Mr. McMix’s House
Many of us who are older than the Baby-Boomer generation, re-live our childhood through a collection of short stories. One of my favorites is the story of my friend Nancy’s fascination with Mr. McMix’s house.
It goes like this.
One day when Nancy was five years old, her mother was fussing around the house, completing plans for a trip into town. Several errands were on her To-Do List, but the whole trip would take less than an hour. When her mother was about to leave, she turned to Nancy and asked, “Would you like to come with me or stay home with Grams?”
Nancy made her decision instantly, but it was conditional. If the trip were to include a ride by Mr. McMix’s house, she would go. Otherwise, she would stay home.
“If I go with you, will I see Mr. McMix’s house?
“Mr. McMix,” she repeated.
“I don’t know who that is,” said her mother.
“It’s the big house on the corner, the one with a clock and a bell, and the big columns out front. They even have a flagpole. They have their name – McMix – over the front door.”
“I’m sorry, honey, I have no idea what you’re talking about.”
In spite of the confusion, Nancy agreed to go with her mother in hopes of seeing the marvelous house she liked so much.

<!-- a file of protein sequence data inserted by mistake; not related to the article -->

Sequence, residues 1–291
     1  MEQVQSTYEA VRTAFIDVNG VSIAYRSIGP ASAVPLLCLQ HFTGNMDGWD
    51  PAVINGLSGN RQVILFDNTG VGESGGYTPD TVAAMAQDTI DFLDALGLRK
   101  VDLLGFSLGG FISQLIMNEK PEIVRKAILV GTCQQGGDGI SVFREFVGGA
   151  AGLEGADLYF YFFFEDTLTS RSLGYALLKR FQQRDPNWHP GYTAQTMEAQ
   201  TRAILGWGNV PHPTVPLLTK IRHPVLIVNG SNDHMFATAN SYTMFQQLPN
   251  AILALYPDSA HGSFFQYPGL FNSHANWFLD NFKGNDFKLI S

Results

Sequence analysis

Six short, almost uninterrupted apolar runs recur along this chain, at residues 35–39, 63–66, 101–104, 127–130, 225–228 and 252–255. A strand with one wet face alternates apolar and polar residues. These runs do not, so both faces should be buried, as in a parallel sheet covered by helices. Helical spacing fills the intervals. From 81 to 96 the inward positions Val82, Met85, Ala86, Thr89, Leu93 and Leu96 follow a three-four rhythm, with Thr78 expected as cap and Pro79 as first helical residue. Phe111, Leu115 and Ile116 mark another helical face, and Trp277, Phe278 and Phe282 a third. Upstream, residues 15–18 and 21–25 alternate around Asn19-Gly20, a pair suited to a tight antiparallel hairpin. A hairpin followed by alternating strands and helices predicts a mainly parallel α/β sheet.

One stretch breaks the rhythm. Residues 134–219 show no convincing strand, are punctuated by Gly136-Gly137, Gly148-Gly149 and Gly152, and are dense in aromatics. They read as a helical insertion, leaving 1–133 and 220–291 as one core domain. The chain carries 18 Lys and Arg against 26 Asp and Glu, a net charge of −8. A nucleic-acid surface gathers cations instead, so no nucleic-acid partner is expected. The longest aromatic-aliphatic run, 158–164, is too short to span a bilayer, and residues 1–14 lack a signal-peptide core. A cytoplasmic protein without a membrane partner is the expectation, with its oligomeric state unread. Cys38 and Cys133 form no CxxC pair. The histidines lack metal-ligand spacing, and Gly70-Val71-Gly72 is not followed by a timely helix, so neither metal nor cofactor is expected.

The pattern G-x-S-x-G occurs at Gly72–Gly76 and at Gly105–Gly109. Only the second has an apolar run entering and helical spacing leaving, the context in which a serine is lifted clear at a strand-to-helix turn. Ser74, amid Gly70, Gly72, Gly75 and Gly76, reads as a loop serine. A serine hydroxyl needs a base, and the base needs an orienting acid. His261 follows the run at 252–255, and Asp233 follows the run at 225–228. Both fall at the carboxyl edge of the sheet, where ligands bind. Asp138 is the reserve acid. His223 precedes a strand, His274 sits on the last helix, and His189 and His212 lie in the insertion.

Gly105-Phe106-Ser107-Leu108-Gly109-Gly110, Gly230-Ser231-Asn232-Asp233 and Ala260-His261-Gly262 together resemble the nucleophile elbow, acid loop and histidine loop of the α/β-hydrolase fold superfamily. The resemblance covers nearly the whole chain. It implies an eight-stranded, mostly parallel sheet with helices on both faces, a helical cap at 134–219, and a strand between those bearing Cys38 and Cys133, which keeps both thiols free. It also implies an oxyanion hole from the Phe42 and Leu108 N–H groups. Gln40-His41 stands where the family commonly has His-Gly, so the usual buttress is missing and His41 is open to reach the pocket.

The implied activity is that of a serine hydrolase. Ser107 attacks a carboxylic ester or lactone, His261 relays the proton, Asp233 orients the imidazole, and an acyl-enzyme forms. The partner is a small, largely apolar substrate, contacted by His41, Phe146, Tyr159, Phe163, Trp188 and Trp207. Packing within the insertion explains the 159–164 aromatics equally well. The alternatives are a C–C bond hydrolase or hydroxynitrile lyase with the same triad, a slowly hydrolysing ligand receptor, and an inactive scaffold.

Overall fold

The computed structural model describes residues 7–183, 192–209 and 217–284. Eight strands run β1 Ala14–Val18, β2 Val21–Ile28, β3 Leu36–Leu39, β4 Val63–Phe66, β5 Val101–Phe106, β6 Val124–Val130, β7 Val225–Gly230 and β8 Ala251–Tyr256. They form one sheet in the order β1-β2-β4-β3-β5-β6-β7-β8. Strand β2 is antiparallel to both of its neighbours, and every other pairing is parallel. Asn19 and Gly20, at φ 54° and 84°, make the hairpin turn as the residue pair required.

An hour later, the errands were finished, but Nancy had yet to see Mr. McMix’s house.
“Can we go there now?” she asked.
“Where?” her mother asked.
“You know, Mr. McMix’s House.”
“Nancy, I just don’t know where to take you, I have no idea what you’re talking about.”
The tears of disappointment came to Nancy’s eyes, but within a couple minutes, as her mother drove their blue 1950 Plymouth up the West Broad Street hill, she saw the wonderful place that she had always hoped would be her home one day.
The instant Nancy saw her dream house, she pointed and screamed, “There it is; that’s Mr. McMix’s house.”
Her mother smiled and pondered what other people, places and things were hidden away, with such secret delight, in her daughter’s phenomenally creative mind.
To see Mr. McMix’s house read on…
The Cumberland County Courthouse in Bridgeton, New Jersey, built at the direction of the County Board of Chosen Freeholders, was to accommodate the county government offices, the sheriff’s office, and the county court system. The bell tower was to hold the Cumberland County Liberty Bell and a four-faced Seth Thomas clock.
When the facility was opened to the public, the sheriff worked from the east (left, facing the front) wing of the building, the county offices used the west side, and the court system used the entire second floor (complete with two fully furnished courtrooms). The county jail was in the basement.
A cornerstone was put into the northwest corner of the façade and the twelve-foot wide, granite transit plate over the front door had the date of completion (1909) chiseled into it as a Roman numeral: